What are some facts about the anatomy of your ankle?


Quick Answer

The ankle is a hinge joint that comprises three bones: the tibia, the fibula and the talus. The simple but sturdy design of the ankle make it strong enough to support over one-and-a-half times a person’s body weight during daily activities or walking, and up to eight times a person’s body weight during intense exercise or running, according to eOrthopod.

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Full Answer

The main ankle bone is the talus. It fits into a socket created by the medial distal end of the fibula and the distal end of the tibia, states eOrthopod. The talus is on top of the calcaneus or heel bone. Articular cartilage, a thin lining in joints that cushions the bones and allows them to move smoothly, covers the bones in the ankle joint.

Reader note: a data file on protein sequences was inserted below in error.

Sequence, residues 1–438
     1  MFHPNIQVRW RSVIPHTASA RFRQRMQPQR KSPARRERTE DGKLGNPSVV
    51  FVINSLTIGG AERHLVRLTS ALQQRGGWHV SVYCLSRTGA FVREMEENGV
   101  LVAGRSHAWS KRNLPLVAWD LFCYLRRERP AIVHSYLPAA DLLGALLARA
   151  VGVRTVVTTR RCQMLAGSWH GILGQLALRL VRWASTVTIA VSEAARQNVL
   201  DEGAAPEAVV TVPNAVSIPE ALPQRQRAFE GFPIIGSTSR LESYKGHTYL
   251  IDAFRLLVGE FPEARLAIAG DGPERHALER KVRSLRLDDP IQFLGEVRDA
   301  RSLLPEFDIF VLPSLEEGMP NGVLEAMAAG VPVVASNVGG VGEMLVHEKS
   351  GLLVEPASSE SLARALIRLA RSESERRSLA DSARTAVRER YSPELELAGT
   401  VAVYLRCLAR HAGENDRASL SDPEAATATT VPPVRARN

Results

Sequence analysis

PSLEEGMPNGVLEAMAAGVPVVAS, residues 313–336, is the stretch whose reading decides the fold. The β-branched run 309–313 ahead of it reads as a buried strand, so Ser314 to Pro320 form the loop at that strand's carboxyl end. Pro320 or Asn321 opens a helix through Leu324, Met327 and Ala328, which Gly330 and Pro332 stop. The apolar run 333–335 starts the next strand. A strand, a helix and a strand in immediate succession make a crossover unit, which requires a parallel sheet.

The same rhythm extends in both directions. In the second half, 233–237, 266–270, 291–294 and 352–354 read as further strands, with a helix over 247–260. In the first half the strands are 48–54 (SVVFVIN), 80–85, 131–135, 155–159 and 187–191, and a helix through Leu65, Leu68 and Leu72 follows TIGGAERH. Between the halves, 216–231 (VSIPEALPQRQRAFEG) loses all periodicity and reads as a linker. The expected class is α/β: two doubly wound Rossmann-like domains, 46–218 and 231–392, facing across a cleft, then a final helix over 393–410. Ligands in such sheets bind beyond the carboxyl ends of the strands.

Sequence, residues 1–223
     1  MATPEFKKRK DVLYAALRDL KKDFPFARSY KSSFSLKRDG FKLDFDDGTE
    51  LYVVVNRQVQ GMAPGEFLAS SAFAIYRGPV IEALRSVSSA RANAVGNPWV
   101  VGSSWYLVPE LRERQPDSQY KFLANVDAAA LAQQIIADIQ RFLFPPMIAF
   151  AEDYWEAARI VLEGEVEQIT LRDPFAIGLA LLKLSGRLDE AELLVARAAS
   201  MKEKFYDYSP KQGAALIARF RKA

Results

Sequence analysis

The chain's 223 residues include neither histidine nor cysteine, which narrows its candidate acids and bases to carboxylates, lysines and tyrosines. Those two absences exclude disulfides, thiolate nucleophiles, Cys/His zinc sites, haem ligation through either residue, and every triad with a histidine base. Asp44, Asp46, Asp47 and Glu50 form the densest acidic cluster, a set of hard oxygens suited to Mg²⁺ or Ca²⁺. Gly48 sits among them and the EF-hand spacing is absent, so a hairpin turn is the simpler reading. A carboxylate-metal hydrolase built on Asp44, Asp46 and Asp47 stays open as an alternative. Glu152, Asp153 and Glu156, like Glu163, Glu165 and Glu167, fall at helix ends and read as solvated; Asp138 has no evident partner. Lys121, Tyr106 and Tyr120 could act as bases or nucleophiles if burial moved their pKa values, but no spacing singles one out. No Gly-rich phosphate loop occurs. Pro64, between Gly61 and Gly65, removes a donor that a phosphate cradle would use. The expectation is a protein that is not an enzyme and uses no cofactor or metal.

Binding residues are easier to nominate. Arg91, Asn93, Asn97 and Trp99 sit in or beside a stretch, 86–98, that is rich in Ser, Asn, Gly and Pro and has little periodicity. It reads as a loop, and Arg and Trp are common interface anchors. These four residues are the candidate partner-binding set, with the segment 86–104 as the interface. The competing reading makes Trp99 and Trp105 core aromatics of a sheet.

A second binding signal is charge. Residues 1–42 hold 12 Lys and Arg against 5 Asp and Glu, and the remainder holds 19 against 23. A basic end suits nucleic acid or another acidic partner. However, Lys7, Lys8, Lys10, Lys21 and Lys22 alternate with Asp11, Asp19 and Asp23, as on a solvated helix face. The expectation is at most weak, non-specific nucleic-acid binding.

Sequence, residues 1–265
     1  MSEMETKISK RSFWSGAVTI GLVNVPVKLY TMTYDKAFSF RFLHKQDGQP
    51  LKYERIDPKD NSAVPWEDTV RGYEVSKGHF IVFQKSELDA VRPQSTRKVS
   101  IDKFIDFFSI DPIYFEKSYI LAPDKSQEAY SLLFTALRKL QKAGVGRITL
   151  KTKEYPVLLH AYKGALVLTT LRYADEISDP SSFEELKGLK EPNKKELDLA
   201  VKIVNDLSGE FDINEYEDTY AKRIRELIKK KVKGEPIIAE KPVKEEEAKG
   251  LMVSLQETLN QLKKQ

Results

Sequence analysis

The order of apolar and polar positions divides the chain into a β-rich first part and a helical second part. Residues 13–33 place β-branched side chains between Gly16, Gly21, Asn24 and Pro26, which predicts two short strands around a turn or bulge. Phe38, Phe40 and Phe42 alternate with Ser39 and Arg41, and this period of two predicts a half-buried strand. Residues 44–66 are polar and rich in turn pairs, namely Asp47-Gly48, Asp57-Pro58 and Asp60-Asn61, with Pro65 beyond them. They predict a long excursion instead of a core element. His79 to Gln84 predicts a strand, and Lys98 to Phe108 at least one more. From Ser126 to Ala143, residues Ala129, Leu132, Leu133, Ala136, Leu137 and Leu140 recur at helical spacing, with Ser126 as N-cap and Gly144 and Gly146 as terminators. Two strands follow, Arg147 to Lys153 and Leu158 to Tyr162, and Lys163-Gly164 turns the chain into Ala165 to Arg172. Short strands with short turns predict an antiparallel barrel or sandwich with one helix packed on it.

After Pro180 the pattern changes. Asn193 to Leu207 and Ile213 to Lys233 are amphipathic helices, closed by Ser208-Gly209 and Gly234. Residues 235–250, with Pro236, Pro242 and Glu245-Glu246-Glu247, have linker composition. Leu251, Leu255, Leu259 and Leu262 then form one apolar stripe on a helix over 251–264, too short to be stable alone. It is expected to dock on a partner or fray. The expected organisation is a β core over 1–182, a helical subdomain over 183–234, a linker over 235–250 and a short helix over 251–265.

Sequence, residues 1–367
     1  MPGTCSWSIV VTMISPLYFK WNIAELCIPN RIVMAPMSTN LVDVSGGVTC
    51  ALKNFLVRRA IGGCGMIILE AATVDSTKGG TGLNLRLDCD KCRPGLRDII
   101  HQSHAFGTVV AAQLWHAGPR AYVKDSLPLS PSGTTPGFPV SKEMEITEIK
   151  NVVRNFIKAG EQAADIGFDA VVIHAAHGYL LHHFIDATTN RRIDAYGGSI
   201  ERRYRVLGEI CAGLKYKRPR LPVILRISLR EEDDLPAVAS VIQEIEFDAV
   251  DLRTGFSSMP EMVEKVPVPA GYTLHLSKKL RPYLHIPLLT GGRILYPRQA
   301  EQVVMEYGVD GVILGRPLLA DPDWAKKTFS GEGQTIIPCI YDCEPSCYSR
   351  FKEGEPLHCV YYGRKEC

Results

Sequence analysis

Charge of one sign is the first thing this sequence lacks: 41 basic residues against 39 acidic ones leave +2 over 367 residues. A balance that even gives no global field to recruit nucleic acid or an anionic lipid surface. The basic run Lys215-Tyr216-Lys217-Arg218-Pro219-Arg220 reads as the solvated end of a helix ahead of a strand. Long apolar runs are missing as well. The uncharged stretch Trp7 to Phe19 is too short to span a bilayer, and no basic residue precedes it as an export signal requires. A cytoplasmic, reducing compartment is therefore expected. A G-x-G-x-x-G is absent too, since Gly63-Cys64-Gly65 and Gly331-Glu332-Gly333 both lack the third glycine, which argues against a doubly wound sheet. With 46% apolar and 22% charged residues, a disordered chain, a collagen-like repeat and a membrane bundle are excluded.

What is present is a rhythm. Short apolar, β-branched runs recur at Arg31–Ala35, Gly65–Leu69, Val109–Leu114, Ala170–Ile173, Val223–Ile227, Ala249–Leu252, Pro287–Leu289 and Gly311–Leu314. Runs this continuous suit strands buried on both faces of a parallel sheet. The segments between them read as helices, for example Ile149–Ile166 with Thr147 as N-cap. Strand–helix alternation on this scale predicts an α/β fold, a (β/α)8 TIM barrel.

The Achilles tendon attaches the calf muscles above the ankle to the calcaneus and is important for any activity involving the leg and foot, explains eOrthopod. Other tendons are responsible for supporting the arch of the foot and turning it inward, raising the foot, and turning the foot downward and outward.

Ligaments, made of collagen, attach bones to bones and help to hold the bones in the ankle together. There are three ligaments on the lateral side of the ankle joint and one ligament on the medial side, explains eOrthopod. Other ligaments support the lower leg where the tibia and fibula connect, both dorsally and ventrally. The joint capsule comprises all the ligaments that surround the ankle joint and all the soft tissues that fill in the spaces between the ligaments.

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